Rats artificially selected for high endurance capacity exhibit increased whole-body insulin sensitivity compared with those selected for low endurance capacity (4,5), an observation confirmed by results from the present study (Fig. 11).). Notably, these differences in exercise capacity and metabolic health occur in the absence of exercise training. Accordingly, we used this selectively bred model of contrasting endurance capacity and health profiles to investigate the molecular mechanisms that have been hypothesized to underlie the insulin-sensitizing effects of exercise training in skeletal muscle. Our primary finding was that low intrinsic running capacity and insulin resistance are associated with the impaired stimulation of lipolysis in response to β-adrenergic signals in skeletal muscle, and this response occurred in the absence of changes in skeletal muscle substrate storage or AMPK activation.

An association has been observed between whole-body insulin resistance and the accumulation of lipids in skeletal muscle (22). However, this relationship is uncoupled in the case of endurance-trained athletes, who maintain insulin sensitivity despite high levels of muscle lipid storage (23). This phenomenon, known as the athlete’s paradox, has been corroborated by studies demonstrating that exercise training improves insulin sensitivity in the absence of decreased triacylglycerol storage in muscle (6,24,25). In line with these observations, we found no association between triacylglycerol storage and insulin sensitivity in LCR and HCR. In fact, we observed a trend (P = 0.07) toward increased triacylglycerol levels in the muscle of HCR (Fig. 2B2B).). Several theories exist to explain the ability of exercise training to improve insulin sensitivity despite elevated or unchanged im triglyceride levels. One proposal is that rather than reducing total lipid storage, exercise training may reduce the accumulation of cytosolic lipid species that are known to impair insulin signal transduction such as diacylglycerol and ceramide (26,27). Therefore, we hypothesized that ceramide and diacylglycerol would be lower in HCR, despite the presence of elevated triacylglycerol. In contrast to this hypothesis, we found that muscle diacylglycerol and ceramide levels were similar in LCR and HCR (Fig. 22,, C and D).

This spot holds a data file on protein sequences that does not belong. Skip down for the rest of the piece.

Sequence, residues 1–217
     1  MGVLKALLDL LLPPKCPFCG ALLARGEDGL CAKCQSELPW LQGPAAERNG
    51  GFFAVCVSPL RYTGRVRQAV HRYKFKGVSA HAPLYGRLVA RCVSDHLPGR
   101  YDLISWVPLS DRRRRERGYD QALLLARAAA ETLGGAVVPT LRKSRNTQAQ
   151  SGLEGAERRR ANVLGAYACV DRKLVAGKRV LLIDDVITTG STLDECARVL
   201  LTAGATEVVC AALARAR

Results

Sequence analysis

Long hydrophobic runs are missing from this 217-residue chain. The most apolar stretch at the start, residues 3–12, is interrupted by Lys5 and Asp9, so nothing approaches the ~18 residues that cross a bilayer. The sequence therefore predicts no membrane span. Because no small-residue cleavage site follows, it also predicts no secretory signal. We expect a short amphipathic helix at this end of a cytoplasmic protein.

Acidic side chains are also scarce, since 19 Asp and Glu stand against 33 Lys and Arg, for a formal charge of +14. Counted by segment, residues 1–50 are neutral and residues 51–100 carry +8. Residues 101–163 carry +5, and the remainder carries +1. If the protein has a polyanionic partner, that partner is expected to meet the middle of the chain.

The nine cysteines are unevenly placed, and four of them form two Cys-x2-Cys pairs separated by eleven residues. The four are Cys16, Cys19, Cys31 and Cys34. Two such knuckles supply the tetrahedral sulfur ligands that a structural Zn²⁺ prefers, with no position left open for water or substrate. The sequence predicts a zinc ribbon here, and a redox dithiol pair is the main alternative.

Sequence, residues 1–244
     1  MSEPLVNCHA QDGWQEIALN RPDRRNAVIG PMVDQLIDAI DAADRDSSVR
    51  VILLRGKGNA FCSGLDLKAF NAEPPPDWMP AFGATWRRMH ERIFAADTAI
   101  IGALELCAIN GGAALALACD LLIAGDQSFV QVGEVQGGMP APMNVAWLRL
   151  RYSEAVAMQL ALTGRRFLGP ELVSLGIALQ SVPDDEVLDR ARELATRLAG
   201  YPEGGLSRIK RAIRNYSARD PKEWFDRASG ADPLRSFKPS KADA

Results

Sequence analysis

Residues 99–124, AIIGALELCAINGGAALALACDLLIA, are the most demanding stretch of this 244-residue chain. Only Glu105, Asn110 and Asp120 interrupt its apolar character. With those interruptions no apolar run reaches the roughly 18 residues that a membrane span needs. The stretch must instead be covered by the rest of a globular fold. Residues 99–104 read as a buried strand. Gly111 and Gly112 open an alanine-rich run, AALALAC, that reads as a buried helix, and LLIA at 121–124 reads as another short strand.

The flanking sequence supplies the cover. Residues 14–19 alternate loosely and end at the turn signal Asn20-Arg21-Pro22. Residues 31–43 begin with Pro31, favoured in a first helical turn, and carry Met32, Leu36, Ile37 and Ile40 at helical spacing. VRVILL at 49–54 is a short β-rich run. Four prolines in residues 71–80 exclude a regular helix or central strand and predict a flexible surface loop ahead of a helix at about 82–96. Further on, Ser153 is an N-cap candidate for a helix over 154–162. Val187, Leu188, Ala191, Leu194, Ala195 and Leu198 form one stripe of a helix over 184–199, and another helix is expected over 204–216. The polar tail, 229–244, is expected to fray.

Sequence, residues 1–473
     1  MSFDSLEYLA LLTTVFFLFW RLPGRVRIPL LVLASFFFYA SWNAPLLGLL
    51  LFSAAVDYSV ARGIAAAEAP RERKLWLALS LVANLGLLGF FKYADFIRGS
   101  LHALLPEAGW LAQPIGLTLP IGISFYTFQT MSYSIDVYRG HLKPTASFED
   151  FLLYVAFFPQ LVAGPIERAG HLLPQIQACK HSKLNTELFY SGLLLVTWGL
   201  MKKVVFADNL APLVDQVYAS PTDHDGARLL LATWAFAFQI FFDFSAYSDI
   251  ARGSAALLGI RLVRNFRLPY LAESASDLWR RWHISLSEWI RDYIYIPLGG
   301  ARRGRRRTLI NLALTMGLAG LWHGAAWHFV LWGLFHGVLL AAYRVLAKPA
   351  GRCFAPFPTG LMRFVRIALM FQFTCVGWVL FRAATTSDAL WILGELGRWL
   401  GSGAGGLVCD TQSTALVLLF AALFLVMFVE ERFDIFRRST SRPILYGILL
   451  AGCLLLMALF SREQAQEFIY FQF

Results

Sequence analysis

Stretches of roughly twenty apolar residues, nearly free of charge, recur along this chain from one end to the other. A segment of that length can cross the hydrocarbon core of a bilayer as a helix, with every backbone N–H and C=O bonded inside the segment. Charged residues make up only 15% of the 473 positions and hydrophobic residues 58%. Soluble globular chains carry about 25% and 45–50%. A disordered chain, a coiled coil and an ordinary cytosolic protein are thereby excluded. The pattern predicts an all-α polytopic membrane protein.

A second hypothesis is that exercise training exerts insulin-sensitizing effects in muscle via the chronic activation of AMPK. Exercise training induces a chronic up-regulation of AMPK (7,9,10), and chronic pharmacological activation of AMPK improves skeletal muscle insulin sensitivity (28,29). Although the precise mechanism by which AMPK enhances insulin sensitivity is not known, enhancement of the insulin signal cascade at the level of AS160 (30,31) or inhibition of the mammalian target of rapamycin (mTOR) pathway may be involved (32). Accordingly, we hypothesized that AMPK activation would be increased in the muscle HCR. Contrary to our original hypothesis, AMPK activity, Thr172 phosphorylation, and ACC Ser218 phosphorylation were similar in LCR and HCR (Fig. 33).). Muscle protein content of the catalytic (α1 and α2) and regulatory (β1, β2, and γ1) subunits of AMPK were also similar in LCR and HCR, with the exception of the γ3 subunit, which was elevated in HCR. The precise physiological consequence of elevated γ3 subunit expression in HCR is unclear. However, recent evidence suggests the γ3 subunit plays a role in enhancing skeletal muscle carbohydrate and lipid metabolism and is necessary for the AMPK-mediated inhibition of insulin-induced signal transduction by the mammalian target of rapamycin (mTOR) (33). Muscle-specific overexpression of wild-type AMPK γ3 in transgenic mice results in elevated skeletal muscle glycogen storage (34). In the present study, a 30% increase in AMPK γ3 protein (Fig. 5B5B)) was not associated with an increase in RQ muscle glycogen (Fig. 2A2A).). Overall, our results do not support increased activation of the AMPK catalytic subunits as a mechanism for increased endurance capacity and insulin sensitivity in HCR.